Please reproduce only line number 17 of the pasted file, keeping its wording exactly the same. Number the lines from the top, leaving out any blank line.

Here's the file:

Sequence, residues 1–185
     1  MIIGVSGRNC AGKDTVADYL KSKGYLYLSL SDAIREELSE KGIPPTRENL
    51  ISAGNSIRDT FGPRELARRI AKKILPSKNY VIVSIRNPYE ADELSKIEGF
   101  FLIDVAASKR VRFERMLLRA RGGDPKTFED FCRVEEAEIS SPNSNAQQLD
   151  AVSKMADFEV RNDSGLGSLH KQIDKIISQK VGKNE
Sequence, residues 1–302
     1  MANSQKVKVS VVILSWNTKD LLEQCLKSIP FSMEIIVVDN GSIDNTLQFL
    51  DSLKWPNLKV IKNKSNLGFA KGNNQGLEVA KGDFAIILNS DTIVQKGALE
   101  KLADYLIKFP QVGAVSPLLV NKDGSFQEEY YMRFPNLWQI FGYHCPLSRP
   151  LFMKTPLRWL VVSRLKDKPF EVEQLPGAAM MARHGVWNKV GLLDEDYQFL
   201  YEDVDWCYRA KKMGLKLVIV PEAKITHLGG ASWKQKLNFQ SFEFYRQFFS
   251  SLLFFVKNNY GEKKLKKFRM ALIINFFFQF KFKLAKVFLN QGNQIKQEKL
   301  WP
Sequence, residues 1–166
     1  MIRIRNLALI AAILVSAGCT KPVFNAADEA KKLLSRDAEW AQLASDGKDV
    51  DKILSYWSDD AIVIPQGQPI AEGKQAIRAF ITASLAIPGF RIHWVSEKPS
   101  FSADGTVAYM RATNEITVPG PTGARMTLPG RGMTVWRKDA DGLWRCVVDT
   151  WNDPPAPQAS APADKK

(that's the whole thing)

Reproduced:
   101  FSADGTVAYM RATNEITVPG PTGARMTLPG RGMTVWRKDA DGLWRCVVDT